Wednesday, November 22

In better news

I had a colonoscopy last week. No, that's not the good news, but don't worry - I will spare my delicate flower readers any description of the process beyond it was not my idea of fun. The good news is that the doctor found a lot less inflammation than last time. The upper two thirds of my gut are apparently now normal-looking, so next week we'll try some changes to the medication and see if I can take less and/or reduce the symptoms further, by targeting better.
posted @ 7:01 PM -
The lessons of Vietnam
posted @ 10:03 AM -

Tuesday, November 21


Is not very exciting. All this birthday has really done is rub in quite how irritatingly slow my progress towards finishing my PhD is, and make me that much more sad about not being as cool as this guy, considering that I'm now twelve years older than him. I mean, it's one thing watching Wayne Rooney, when I never really had any ambition to be an athlete, but man! Nuclear fusion! And here I am, 12 years older than him, still struggling to get a few computers to work reliably.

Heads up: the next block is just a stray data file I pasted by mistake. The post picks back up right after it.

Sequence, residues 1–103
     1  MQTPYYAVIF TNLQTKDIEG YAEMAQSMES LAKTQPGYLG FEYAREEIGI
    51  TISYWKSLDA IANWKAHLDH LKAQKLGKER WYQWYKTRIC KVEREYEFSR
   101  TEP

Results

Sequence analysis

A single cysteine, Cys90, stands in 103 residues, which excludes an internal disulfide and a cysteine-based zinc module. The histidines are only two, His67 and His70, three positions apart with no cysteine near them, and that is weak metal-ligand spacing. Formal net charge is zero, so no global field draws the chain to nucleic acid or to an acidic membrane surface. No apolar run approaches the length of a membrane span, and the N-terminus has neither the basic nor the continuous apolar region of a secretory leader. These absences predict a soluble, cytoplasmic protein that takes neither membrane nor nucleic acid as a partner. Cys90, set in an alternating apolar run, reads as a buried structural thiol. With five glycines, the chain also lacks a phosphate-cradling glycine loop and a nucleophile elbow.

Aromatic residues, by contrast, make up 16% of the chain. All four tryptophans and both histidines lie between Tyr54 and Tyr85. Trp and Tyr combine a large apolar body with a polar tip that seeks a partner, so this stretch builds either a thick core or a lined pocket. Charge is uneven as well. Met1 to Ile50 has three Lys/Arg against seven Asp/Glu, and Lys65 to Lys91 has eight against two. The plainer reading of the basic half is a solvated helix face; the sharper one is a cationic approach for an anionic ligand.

Update: the day did get better. Still not impressed with the milestone though.
posted @ 6:12 PM -

Thursday, November 2

There's ups and there's downs

Work continues to grind me down, because my experiments are taking forever (where forever means as long as 4 weeks in some cases) with a very poor success rate (though at least I have one! run doing something good). I'm finding myself wondering how to tell the difference between temporary setback and time I abandoned this project and found something else to write a thesis about.

The computers on my wall are being more unreliable than before, but still failing infrequently enough to make finding the problem an annoyingly slow task.

I spent most of two days this week playing travel agent, because I found out that I had been poorly advised about the Green Card process, and it will interfere more with my travels than I had expected. To cut a long story short, it is in my interest to start the process as soon as possible (as soon as we have spoken to a second lawyer, because there were a few things the first didn't mention, and that worries me), and after I start the process, I won't be able to leave the country for n months, where n varies but is typically around 6 for here and now. Trouble is I had two trips to Canada planned for that time; one was very expensive and had a large non-refundable deposit, the other involved several family members all meeting up in one place, so I've been scrambling to organise a satisfactory plan B for it. I think I managed, and I at least am looking forward to plan B, but if the lawyer's office had given me correct advice back in August I wouldn't have had this mad scramble, and this week would have been far more pleasant.